The Value of a Barren Tree

file000654222865In Luke 13, Jesus tells a parable about a barren fig tree. The tree is planted in a vineyard, which sounds weird, but fig trees were often used as trellises in vineyards.  The owner is unhappy because the tree is not bearing fruit. “Cut it down,” he says. But the vintner says, “I’ll dig around it, fertilize it. Let’s give it one more year.”

And the vast majority of the commentaries and reflections I’ve read about this story say something to the effect of, “See, God is willing to give us sinners one more chance. God is merciful . . . and yet God’s mercy is not unlimited.”

But I just can’t get on board with this reading, because it involves two major assumptions that I’m not willing to make.

First, this interpretation assumes that the vineyard owner represents God. Why would we assume this? Jesus doesn’t say it. Jesus doesn’t even imply it. Within the context of Jesus’ teaching, God is abba, the loving father. The rich are, at best, blinded by their wealth; at worst, they are heartless oppressors. So why in the world would we just assume that Jesus wants us to equate God with the wealthy owner of a vineyard?

Second, this “God is merciful, but . . .” interpretation assumes that the vineyard owner says “yes” to the vintner’s request. One commentator I read, as he was retelling the story, wrote about how the owner said, “O.K., but just one more year.”

Funny, I thought. That last part isn’t in my Bible. The vintner makes the request and next thing we know the parable is done and Jesus is upsetting some religious leaders (again) by healing on the Sabbath.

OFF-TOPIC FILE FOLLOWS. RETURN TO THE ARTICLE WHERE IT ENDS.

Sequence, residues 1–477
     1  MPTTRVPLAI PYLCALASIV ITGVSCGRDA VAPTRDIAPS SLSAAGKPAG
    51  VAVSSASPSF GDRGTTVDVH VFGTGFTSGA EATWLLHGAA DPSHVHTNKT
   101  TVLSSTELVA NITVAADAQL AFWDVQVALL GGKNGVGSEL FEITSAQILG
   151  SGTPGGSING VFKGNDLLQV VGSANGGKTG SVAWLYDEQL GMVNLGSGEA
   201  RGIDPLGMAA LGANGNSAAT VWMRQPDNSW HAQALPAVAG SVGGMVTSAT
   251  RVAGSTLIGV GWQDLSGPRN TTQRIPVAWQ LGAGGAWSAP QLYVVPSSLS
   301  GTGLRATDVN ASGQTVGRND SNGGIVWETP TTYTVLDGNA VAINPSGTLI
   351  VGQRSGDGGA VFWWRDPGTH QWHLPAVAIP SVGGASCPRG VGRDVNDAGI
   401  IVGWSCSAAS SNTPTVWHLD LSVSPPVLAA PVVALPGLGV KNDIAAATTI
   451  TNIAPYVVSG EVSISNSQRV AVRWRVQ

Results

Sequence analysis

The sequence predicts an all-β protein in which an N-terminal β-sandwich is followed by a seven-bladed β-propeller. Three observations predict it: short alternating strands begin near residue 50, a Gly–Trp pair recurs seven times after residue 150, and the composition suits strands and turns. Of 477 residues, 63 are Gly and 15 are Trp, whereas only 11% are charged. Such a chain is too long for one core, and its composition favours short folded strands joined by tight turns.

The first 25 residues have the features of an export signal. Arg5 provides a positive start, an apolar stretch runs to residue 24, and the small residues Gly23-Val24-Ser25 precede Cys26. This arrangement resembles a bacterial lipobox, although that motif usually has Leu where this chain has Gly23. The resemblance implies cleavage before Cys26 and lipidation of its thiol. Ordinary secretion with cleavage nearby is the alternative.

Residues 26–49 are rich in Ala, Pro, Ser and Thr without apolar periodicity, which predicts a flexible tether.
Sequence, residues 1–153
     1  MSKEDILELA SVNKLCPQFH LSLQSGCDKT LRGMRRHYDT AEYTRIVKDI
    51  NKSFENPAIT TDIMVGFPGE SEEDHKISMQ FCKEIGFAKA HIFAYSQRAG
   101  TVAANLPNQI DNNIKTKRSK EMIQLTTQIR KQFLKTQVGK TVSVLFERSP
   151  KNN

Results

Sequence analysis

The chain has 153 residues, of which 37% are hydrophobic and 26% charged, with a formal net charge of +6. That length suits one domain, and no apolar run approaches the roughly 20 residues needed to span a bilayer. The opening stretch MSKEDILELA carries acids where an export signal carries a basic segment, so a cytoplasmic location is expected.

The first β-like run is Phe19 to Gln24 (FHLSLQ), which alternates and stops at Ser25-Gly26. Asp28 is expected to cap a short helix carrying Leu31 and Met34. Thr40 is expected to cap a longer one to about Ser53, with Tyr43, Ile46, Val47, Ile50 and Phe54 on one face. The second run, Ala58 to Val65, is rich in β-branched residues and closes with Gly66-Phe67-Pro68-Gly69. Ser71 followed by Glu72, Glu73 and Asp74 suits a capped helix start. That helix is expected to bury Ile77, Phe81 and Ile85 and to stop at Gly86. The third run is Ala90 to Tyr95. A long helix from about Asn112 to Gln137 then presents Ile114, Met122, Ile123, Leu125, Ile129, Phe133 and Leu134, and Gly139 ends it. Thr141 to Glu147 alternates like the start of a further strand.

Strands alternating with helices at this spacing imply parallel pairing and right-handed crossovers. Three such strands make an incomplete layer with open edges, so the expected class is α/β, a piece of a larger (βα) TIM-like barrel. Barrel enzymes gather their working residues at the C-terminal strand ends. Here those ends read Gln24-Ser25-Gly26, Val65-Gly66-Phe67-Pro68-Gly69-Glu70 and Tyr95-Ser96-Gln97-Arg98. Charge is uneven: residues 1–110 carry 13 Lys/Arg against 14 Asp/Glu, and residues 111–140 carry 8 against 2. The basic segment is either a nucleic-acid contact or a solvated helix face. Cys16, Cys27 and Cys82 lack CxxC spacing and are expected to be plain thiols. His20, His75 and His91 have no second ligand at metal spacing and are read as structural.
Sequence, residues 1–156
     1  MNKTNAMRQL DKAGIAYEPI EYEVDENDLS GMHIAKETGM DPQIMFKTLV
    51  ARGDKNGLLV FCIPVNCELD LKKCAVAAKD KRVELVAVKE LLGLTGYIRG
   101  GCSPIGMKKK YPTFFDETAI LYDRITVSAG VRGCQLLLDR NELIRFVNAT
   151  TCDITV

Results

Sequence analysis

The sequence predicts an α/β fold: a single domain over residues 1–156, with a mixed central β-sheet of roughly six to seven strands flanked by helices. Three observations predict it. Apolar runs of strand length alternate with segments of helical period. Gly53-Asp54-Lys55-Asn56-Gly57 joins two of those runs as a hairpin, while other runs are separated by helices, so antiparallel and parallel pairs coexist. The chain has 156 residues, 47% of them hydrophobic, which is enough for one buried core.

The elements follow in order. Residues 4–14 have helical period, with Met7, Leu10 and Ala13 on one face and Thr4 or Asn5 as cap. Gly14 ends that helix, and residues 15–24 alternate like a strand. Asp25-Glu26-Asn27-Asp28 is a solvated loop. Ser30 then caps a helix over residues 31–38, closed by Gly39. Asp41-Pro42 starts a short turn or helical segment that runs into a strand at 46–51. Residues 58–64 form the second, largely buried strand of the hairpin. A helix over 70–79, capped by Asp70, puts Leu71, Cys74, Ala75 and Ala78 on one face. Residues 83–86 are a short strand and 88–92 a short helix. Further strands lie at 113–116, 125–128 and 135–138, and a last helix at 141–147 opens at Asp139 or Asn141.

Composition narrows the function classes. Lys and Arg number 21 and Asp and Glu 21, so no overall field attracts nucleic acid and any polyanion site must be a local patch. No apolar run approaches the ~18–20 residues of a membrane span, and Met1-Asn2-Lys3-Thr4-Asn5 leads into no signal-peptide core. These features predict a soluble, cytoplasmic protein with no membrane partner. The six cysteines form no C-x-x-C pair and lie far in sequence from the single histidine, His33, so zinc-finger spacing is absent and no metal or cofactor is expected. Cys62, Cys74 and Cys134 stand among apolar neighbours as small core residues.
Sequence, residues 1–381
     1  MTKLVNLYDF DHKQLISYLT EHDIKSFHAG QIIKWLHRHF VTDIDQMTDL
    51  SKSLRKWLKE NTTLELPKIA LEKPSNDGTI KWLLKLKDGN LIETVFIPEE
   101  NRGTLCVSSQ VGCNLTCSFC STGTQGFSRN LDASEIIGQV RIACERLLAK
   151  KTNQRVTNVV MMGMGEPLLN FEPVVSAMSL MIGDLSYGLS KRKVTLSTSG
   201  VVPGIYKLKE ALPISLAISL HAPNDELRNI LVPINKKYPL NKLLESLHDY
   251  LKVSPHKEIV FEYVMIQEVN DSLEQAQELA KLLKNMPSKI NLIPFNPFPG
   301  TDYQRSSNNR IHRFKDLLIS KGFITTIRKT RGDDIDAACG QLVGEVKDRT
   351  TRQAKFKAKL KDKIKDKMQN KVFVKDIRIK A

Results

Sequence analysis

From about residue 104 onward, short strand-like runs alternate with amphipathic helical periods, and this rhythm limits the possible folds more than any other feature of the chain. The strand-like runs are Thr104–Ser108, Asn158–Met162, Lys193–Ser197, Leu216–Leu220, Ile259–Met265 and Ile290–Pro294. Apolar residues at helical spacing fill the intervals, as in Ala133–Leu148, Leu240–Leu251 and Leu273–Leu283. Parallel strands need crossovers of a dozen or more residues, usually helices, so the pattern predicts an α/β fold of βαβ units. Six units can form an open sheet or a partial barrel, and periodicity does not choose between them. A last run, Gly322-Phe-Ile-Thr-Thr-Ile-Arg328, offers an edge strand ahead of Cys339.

So I can’t go with the “God is merciful, but . . .” theory.

I don’t think the owner is God. I don’t think the vintner is Jesus. I’m not convinced that Israel is (or we are) the fig tree.

I really don’t like to allegorize the parables at all. It’s dangerous territory. But if we must allegorize, maybe we should think about the ways in which some of us are like the fig tree.

The owner seems to think that a fig tree is worthless if it’s not producing figs. But that simply isn’t true. The root system of the fig tree is vital for slowing down soil erosion. The branches of fig trees were often used as trellises for grape vines. There are lots of ways a fig tree can be useful. (You really should check out this beautiful piece about the importance of trees–fig and otherwise.*)

So perhaps the fig tree is like those of us who are unproductive, those of us who are not worth much in the eyes of the world, those of us who do not act like others think we are supposed to act. Maybe the poor, the disabled, the mentally ill, the children, the misfits . . . maybe they are the fig tree.

Unappreciated. Vulnerable. Necessary.

And maybe those of us more appreciated, more accepted . . . maybe we are called to tend and fertilize the trees in hopes that fruit will emerge from the once-barren branches.

Or maybe we are called to convince the powerful, bottom-line oriented people of the world to put away their axes. Because even barren fig trees are valuable resources–especially in a vineyard.

See this link for a sermon on Luke 13:1-9.

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